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In tort law, a duty of care is a legal obligation which is imposed on an individual requiring adherence to a standard of reasonable care while performing any acts that could foreseeably harm others. It is the first element that must be established to proceed with an action in negligence. The claimant must be able to show a duty of care imposed by law which the defendant has breached. In turn, breaching a duty may subject an individual to liability. The duty of care may be imposed by operation of law between individuals with no current direct relationship (familial or contractual or otherwise), but eventually become related in some manner, as defined by common law (meaning case law).
Duty of care may be considered a formalization of the social contract, the implicit responsibilities held by individuals towards others within society. It is not a requirement that a duty of care be defined by law, though it will often develop through the jurisprudence of common law.
At common law, duties were formerly limited to those with whom one was in privity one way or another, as exemplified by cases like Winterbottom v. Wright (1842). In the early 20th century, judges began to recognize that the cold realities of the Second Industrial Revolution (in which end users were frequently several parties removed from the original manufacturer) implied that enforcing the privity requirement against hapless consumers had harsh results in many product liability cases. The idea of a general duty of care that runs to all who could be foreseeably affected by one's conduct (accompanied by the demolishing of the privity barrier) first appeared in the judgement of Brett MR (later Lord Esher) in Heaven v Pender (1883). Although Brett J's formulation was rejected by the rest of the court, similar formulations later appeared in the landmark U.S. case of MacPherson v. Buick Motor Co. (1916) and, in the UK, in Donoghue v Stevenson (1932). Both MacPherson and Donoghue were product liability cases, and both expressly acknowledged and cited Brett's analysis as their inspiration.
Although the duty of care is easiest to understand in contexts like simple blunt trauma, it is important to understand that a duty can be still found in situations where plaintiffs and defendants may be separated by vast distances of space and time.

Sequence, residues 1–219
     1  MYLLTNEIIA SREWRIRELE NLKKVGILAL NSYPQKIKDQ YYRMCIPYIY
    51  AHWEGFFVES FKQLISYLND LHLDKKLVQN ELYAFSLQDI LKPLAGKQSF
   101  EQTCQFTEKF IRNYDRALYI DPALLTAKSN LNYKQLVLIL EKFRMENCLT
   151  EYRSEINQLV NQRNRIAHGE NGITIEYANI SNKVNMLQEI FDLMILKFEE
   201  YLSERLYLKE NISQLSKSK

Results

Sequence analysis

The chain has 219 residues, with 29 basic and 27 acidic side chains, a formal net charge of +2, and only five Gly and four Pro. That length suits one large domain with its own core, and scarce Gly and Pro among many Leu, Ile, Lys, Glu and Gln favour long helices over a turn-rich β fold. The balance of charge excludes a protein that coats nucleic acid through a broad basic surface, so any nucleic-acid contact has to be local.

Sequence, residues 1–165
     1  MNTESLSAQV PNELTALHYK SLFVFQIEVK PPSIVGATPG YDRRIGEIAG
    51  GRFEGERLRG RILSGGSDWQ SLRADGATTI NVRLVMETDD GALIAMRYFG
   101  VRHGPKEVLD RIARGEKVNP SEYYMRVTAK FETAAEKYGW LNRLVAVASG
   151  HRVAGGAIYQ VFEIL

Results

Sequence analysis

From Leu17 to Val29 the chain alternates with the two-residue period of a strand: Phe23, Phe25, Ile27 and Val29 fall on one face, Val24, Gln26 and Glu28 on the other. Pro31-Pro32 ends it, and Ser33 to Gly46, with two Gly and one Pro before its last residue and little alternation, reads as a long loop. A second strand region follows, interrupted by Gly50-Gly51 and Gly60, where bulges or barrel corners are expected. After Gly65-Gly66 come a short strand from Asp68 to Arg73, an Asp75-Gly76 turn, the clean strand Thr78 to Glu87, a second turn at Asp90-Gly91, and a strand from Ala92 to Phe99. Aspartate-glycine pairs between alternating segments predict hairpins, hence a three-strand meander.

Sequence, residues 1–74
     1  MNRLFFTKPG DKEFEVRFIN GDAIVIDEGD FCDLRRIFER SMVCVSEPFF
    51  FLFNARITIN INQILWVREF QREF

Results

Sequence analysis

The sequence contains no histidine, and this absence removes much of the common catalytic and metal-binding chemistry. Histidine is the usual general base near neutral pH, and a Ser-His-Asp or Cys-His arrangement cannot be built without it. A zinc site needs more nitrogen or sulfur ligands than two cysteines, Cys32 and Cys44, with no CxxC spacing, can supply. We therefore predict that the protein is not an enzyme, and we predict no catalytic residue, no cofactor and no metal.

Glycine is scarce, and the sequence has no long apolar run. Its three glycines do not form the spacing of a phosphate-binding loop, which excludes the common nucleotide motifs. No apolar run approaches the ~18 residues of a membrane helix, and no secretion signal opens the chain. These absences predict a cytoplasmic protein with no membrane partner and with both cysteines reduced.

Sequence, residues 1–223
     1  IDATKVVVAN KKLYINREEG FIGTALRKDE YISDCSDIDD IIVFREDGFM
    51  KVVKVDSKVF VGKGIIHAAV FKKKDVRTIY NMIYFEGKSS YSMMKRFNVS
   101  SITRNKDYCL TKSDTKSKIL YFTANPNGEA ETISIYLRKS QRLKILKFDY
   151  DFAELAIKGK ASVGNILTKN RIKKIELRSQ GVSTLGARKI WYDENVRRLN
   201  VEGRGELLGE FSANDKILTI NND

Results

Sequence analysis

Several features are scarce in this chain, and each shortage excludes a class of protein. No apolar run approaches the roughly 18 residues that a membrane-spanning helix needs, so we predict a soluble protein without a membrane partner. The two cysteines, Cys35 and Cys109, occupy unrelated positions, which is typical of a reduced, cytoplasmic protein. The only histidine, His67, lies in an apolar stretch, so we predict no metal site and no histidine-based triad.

For instance, an engineer or construction company involved in erecting a building may be reasonably responsible to tenants inhabiting the building many years in the future. This point is illustrated by the decision of the South Carolina Supreme Court in Terlinde v. Neely 275 S.C. 395, 271 S.E.2d 768 (1980), later cited by the Supreme Court of Canada in Winnipeg Condominium Corporation No. 36 v. Bird Construction Co.  1 S.C.R. 85:
|“||The plaintiffs, being a member of the class for which the home was constructed, are entitled to a duty of care in construction commensurate with industry standards. In the light of the fact that the home was constructed as speculative, the home builder cannot reasonably argue he envisioned anything but a class of purchasers. By placing this product into the stream of commerce, the builder owes a duty of care to those who will use his product, so as to render him accountable for negligent workmanship.||”|
Although the idea of a general duty of care is now widely accepted, there are significant differences among the common law jurisdictions concerning the specific circumstances under which that duty of care exists. Obviously, courts cannot impose unlimited liability and hold everyone liable for everyone else's problems; as Justice Cardozo put it, to rule otherwise would be to expose defendants "to a liability in an indeterminate amount for an indeterminate time to an indeterminate class." There must be some reasonable limit to the duty of care; the problem is where to set that limit.
The Supreme Court of California, in a famous majority opinion by Justice David Eagleson, sharply criticized the idea that foreseeability, standing alone, constitutes an adequate basis on which to rest the duty of care: "Experience has shown that . . . there are clear judicial days on which a court can foresee forever and thus determine liability but none on which that foresight alone provides a socially and judicially acceptable limit on recovery of damages."
Drawing upon the work of scholars such as Fowler V. Harper, Fleming James Jr., and William Prosser, California has developed a complex balancing test consisting of multiple factors which must be carefully weighed against one another to determine whether a duty of care exists in a negligence action.
California Civil Code section 1714 imposes a general duty of ordinary care, which by default requires all persons to take reasonable measures to prevent harm to others. In the 1968 case of Rowland v. Christian, the court held that judicial exceptions to this general duty of care should only be created if clearly justified based on the following public-policy factors:
A 1997 case added to this:
Contemporary California appellate decisions treat the Rowland decision as the "gold standard" for determining the existence of a legal duty of care, and generally refer to the criteria for determining the existence of a legal duty of care as the Rowland factors.